For the sake of experiencing a free roam in the great outdoors, our cats are falling victim to many problems, from animal attacks to traffic collisions and infectious diseases. Whilst the threat to outdoor cats has always been there, the number one killer - cars - is a product of our developed world. Annually, it is thought that 1.5 million cats are killed by road traffic alone, a statistic that does not account for cats that have crawled into car engines for warmth and been killed when the car starts up. Yes – it happens, and if your cat is unlucky enough to die this way, chances are you will never hear about it. The minute your cat steps over your threshold and into the big bad world, you are relinquishing all control of its welfare. Life is unpredictable, especially for the inquisitive, outdoor cat.
Our 'outties' are also at greater risk of animal attacks, which can result in potentially fatal injuries, as well as infectious diseases such as feline leukemia, rabies and distemper. Parasitic infections are also more of a problem for outdoor cats that interact with other domestic cats and strays, helping to transmit their infestations and bring fleas and ticks into the home. In a similar way, outdoor cats will bring us ‘presents,’ which take the form of unwanted visitors, dead or alive, deposited on our doormats and carpets. Yuck!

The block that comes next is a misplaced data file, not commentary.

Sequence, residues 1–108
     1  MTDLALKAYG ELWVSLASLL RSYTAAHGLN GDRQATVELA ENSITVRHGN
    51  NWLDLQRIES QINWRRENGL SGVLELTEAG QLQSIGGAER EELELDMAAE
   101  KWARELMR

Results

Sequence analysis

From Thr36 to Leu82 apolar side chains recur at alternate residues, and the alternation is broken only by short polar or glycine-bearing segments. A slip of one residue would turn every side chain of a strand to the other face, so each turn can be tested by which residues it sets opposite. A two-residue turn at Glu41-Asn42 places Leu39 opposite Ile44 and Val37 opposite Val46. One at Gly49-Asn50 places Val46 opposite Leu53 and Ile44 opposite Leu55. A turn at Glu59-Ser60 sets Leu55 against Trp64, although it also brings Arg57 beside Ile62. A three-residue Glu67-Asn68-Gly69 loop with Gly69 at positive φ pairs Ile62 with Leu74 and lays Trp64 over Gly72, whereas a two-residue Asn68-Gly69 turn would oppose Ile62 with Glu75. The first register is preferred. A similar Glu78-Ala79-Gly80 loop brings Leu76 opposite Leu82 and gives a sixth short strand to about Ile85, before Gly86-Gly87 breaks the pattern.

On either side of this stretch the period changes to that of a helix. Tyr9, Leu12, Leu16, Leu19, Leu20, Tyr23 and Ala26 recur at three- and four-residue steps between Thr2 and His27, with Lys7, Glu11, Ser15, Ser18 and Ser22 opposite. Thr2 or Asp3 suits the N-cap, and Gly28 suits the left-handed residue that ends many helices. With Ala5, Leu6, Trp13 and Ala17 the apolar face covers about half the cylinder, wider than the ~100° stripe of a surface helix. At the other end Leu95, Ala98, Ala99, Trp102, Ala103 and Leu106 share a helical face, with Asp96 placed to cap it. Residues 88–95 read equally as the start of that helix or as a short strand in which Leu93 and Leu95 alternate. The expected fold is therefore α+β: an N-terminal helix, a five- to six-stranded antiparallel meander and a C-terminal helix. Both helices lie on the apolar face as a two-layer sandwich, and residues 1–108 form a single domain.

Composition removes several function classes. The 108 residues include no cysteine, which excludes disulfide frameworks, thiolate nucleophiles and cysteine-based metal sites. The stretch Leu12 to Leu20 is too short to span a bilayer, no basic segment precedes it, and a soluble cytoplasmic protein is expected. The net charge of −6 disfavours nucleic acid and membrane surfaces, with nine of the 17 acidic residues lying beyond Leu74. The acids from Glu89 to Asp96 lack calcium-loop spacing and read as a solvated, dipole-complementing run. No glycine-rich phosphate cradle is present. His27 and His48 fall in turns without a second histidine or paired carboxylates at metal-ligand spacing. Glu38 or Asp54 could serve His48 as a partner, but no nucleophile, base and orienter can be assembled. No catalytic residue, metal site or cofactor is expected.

Poisoning is another outdoor hazard, with toxic plants and man-made chemicals appearing everywhere, from vermin baits and insecticides, to motor oil, ice-melt products and herbicides. Neighbours are also notoriously unpleasant towards outdoor cats, especially if they regularly deposit on a drive or a flowerbed, and incidences of feline entrapment and abuse are not uncommon. Theft is another widespread problem - for this reason, many owners opt to keep their pedigree, show or breeding cats indoors.
It seems the threats to outdoor cats are waiting around every bend, and while our cats are outside, we are powerless to protect them. Also, with vet bills on the increase, having a cat that is frequently maimed or injured can prove a big expense!
So with all these factors to deter us, why are so many people still keeping outdoor cats? Surely our want to meet their primitive needs is outweighed by our want to protect them?